The patient was instructed to take four vital capacity breath for preoxygenation. Induction of anesthesia was done with 100 mg propofol i.v. Intubation was performed after administration of succinylcholine (50 mg) under direct laryngoscopic vision with 6.5 mm ID cuffed endotracheal tube applying Sellick's maneuver. The tube was fixed carefully with bandage avoiding excessive pressure over the skin. Maintenance of anesthesia was achieved with oxygen and nitrous oxide in 50:50 ratio, which was changed to 30:70 after delivery of the baby along with isoflurane (0.5% dial concentration). Muscle paralysis was maintained with vecuronium bromide (4 mg). Fentanyl 100 mcg and oxytocin (20 units) infusion were given i.v after the birth of the baby. The Apgar score was 4 and 10 at 1 and 5 minutes, respectively. Patient was extubated at the OR after administration of neostigmine (2.5 mg) and glycopyrrolate (0.5 mg). Immediately after extubation, patient developed severe laryngospasm and rapid desaturation occurred. The jaw-thrust and head tilt maneuver combined with positive pressure ventilation with oxygen via a tight fitting face mask were applied for ensuring a patent airway. Gentle oropharyngeal suction was done to remove secretions and blood. But laryngospasm was not relieved. Carpopedal spasm (flexion of the wrist and metacarpophalangeal joints, extension of the interphalangeal joints and adduction of the fingers) was observed. Assuming hypocalcaemia, 10% of 10 ml calcium gluconate was given over 10 mins and the same dose was repeated. Laryngospasm was relieved. Blood was sent for serum calcium estimation and the value was 6.4 gm%. Calcium gluconate infusion was started at the rate of 0.5 mg/kg/hr for next 24 hours. Patient was shifted to the recovery room.
| Discussion|| |
Spinal anesthesia (SA) is the commonly used technique for CD. Local site infection is one of the contraindications of administration of SA. In IH, initially pustules are sterile. But they may become secondarily infected in the subsequent period and if untreated can lead to fever and bacteremia. SA can be given in patients with IH after targeted topical steroid therapy in the lumber region. There are reports of administration of SA in IH.,, This patient presented in the emergency with fetal distress without any prior treatment for IH. So general anesthesia with controlled ventilation was administered following the usual steps. After extubation, sever laryngospasm developed which was not resolved by the conventional therapy but subsided after i.v. calcium administration.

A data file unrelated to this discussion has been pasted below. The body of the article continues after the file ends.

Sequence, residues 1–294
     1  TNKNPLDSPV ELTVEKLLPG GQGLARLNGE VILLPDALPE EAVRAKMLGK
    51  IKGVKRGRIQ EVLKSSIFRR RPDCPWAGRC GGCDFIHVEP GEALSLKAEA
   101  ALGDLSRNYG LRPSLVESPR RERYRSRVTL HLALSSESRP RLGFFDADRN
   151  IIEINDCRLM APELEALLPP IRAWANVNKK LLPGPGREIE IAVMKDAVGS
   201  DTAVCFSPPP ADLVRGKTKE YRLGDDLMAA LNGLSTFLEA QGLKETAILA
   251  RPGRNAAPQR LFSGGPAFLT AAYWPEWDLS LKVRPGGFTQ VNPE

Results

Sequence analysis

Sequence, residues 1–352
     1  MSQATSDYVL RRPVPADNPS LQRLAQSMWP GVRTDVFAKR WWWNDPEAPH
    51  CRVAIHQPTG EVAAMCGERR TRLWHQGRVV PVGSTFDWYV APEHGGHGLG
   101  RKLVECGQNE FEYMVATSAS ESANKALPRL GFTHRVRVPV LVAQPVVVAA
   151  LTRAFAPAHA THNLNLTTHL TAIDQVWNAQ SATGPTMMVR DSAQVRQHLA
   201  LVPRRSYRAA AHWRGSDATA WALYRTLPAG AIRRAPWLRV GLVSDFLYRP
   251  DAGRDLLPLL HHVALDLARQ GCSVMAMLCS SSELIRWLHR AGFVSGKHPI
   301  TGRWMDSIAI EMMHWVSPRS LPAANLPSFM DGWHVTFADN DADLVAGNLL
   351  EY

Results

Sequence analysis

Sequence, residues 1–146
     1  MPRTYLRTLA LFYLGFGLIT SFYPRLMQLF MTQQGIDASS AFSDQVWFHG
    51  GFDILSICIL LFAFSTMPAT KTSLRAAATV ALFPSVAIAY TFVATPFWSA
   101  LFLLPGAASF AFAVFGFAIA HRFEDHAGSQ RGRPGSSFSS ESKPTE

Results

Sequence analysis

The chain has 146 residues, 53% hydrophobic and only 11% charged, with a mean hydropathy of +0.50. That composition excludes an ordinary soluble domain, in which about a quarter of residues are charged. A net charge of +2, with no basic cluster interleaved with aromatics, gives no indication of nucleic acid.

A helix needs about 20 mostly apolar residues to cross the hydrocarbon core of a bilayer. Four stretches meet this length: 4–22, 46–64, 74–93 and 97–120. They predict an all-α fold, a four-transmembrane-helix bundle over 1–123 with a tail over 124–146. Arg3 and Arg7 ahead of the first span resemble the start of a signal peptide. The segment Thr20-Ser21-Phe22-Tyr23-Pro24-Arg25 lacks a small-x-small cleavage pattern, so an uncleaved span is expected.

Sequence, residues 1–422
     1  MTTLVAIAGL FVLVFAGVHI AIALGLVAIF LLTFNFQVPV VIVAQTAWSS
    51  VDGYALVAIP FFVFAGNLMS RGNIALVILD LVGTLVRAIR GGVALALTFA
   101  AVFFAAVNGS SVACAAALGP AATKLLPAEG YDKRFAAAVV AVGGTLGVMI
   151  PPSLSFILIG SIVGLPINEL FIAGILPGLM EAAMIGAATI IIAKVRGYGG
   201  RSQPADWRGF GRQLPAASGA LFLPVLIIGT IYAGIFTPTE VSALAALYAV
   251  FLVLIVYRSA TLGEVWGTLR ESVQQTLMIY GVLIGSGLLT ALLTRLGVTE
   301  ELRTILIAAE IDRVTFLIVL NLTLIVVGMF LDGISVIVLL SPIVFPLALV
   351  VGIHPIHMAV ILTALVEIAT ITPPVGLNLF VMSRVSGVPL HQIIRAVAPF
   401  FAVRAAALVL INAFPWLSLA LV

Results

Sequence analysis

Role of calcium has been described in this disease process and treatment of hypocalcaemia may regress this disorder. Respiratory alkalosis secondary to hyperventilation is the most common cause of acute fall of serum ionised calcium (Ca ++). When serum pH increases the binding between calcium and protein is enhanced, resulting in decreased serum Ca ++. Hyperventilation due to labour pain and positive pressure ventilation during general anaesthesia might be responsible for respiratory alkalosis in this case. There are reports of hyperventilation syndrome induced by anxiety and stress before induction and after awakening from general anaesthesia in patient without central nervous system and psychiatric disease under general anesthesia. Hypocalcemia leads to increased neuromuscular irritability and may present with circumoral numbness, paraesthesia of the hands and feet, carpopedal spasm, laryngospasm, focal or generalized tonic muscle cramps, or seizures. Myocardial dysfunction and prolongation of the QT interval may also occur. There was no arrhythmia in this case. Carpopedal spasm may be positive before other manifestations of hypocalcemia. If carpopedal spasm appears, treatment with intravenous Ca ++ is indicated until the signs and symptoms of hypocalcaemia subside without waiting for serum calcium levels. Laryngospasm was relieved after administration of calcium gluconate in this case.
In conclusion, CD was successfully performed under general anesthesia in a case of IH and postoperative severe laryngospasm was corrected by exogenous calcium supplementation.
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Conflicts of interest
There are no conflicts of interest.